So far, we’ve seen a pure solution to the problem, but what happens if we need to use effectful computations to determine the largest value? For example, let’s work with an exclusive secret santa. In this exclusive secret santa, people can invite others into the game - forming a tree of invites. Furthermore, we also have a database lookup function that will tell us what their budget is. We’d like to be able to relabel the invite tree with the minimum budget for fairness. If we had a tree of budgets, that would be easy - we could just use a variation of `pureMax`

above. However, determining the budget requires a database lookup.

It looks like we’re stuck, but what we can do is make an effectful variation of `pureMax`

:

```
impureMin :: (MonadFix m, Ord b) => (a -> m b) -> RoseTree a -> m (RoseTree (a, b))
= do
impureMin f tree <- go smallest tree
rec (t, smallest) return t
where
RoseTree x []) = do
go smallest (<- f x
b return (RoseTree (x, smallest) [], b)
RoseTree x xs) = do
go smallest (<- mapM (go smallest) xs
sub <- f x
b let (xs', bs) = unzip sub
return (RoseTree (x, smallest) xs', min b (minimum bs))
```

If you compare this to `pureMax`

you should notice that the programs are very similar. Infact, all we’ve had to do is replace the pure `let x = y`

bindings with effectful `x <- y`

bindings, and call out to our effectful function. Finally, the magic sauce at the top is to use a new piece of syntax `rec`

. `rec`

comes from the RecursiveDo extension, and while the details are beyond the scope of this post (there’s a whole thesis on it!), we can see here that it serves the same purpose as forming recursive bindings, as we did with `let`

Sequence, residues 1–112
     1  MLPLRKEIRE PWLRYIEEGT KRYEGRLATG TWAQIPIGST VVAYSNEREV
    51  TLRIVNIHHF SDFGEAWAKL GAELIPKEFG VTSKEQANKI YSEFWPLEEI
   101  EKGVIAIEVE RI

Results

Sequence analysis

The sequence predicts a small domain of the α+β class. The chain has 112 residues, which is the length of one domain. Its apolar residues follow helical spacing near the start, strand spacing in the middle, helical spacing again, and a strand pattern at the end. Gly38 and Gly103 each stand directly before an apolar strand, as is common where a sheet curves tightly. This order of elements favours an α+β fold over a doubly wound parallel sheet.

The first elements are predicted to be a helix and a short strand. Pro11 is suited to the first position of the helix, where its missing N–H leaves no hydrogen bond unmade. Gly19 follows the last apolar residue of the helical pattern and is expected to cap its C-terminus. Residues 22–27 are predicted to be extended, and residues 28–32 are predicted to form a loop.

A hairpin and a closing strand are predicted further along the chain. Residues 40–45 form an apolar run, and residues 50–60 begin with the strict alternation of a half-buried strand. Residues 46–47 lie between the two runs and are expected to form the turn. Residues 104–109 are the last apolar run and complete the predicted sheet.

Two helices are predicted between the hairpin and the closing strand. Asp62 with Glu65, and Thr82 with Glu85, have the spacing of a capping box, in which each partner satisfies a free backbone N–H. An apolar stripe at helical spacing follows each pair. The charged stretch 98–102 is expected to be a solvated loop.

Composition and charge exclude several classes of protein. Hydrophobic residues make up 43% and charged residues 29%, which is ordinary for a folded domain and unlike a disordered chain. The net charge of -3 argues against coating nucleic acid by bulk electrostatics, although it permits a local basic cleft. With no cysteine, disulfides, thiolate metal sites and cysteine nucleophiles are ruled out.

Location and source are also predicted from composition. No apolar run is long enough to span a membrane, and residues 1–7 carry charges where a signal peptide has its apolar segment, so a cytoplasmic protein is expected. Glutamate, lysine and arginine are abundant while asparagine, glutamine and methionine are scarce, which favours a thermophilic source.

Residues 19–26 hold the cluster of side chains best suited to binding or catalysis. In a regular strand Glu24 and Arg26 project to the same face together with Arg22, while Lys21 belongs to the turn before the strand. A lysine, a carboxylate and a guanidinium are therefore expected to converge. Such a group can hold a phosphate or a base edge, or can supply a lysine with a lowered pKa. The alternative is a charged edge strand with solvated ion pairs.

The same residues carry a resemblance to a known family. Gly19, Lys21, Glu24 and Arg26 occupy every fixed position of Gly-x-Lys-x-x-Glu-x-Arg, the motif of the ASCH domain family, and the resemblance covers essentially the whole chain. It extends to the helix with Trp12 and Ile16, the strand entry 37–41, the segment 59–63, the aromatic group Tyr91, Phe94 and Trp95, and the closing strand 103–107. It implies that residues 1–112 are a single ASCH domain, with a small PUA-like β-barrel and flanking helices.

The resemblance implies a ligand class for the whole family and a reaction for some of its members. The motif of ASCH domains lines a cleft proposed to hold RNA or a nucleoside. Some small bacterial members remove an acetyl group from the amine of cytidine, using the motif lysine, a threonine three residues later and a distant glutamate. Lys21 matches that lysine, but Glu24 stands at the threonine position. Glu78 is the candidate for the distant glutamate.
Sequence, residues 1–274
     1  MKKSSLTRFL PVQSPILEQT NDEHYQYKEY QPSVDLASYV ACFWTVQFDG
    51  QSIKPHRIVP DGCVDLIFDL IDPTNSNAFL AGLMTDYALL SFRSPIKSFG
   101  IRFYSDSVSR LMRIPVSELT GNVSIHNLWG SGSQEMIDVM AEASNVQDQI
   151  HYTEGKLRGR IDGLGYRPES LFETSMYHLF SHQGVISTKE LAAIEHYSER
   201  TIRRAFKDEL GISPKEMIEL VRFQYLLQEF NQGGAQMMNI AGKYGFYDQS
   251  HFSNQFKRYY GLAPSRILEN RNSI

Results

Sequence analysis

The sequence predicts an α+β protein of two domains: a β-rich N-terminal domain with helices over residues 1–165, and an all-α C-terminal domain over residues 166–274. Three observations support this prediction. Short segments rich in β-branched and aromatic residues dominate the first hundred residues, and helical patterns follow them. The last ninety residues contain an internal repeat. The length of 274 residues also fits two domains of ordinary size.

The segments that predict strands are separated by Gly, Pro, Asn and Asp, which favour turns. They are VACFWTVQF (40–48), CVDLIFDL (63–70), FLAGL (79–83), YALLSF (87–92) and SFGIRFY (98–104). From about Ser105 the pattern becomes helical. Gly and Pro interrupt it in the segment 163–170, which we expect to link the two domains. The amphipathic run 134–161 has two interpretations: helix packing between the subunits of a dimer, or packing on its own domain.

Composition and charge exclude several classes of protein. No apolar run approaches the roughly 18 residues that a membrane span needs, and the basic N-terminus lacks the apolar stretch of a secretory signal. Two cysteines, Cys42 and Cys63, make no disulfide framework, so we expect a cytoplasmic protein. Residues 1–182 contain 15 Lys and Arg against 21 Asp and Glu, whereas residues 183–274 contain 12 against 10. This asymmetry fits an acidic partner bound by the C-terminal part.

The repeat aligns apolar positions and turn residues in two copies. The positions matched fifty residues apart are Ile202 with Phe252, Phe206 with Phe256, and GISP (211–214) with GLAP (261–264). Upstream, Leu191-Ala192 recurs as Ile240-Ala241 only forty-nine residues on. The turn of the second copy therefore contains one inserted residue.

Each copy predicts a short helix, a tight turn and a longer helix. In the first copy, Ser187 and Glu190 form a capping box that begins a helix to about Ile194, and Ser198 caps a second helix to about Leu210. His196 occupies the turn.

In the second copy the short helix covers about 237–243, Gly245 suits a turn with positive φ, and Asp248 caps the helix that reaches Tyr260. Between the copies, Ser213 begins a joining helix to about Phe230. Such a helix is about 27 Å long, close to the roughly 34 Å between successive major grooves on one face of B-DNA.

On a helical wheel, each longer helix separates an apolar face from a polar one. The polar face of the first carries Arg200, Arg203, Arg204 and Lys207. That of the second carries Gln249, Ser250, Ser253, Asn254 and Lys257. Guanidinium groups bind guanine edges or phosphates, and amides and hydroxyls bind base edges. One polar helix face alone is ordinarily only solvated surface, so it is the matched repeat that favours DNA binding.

.

To wrap up this example, let’s work with some test data and see how it all plays out:

```
budget :: String -> IO Int
"Ada" = return 10 -- A struggling startup programmer
budget "Curry" = return 50 -- A big-earner in finance
budget "Dijkstra" = return 20 -- Teaching is the real reward
budget "Howard" = return 5 -- An frugile undergraduate! budget
```

```
= RoseTree "Ada" [ RoseTree "Dijkstra" []
inviteTree RoseTree "Curry" [ RoseTree "Howard" []]
, ]
```

Now we can ask our system what budget we should use

```
.> impureMin budget inviteTree
RoseTree ("Ada",5) [RoseTree ("Dijkstra",5) [],RoseTree ("Curry",5) [RoseTree ("Howard",5) []]]
```

Alright, 5 gold coins it is!

In this post I’ve shown just one of many things that can be done with `RecursiveDo`

syntax. Another common usage of this extension is in `reactive-banana`

- here it’s possible for reactive behaviors to depend on events, where the events sample the same behavior. A more extreme example (if you really want a headache!) is the `Tardis`

monad - a monad where data can travel forwards and backwards in time!

Edits:

- Dan Fornika points out that another cool use case of this extension is in implementing jump labels for assembly code.

*This post is part of 24 Days of GHC Extensions - for more posts like this, check out the calendar*.

You can contact me via email at ollie@ocharles.org.uk or tweet to me @acid2. I share almost all of my work at GitHub. This post is licensed under a Creative Commons Attribution-NonCommercial-NoDerivs 3.0 Unported License.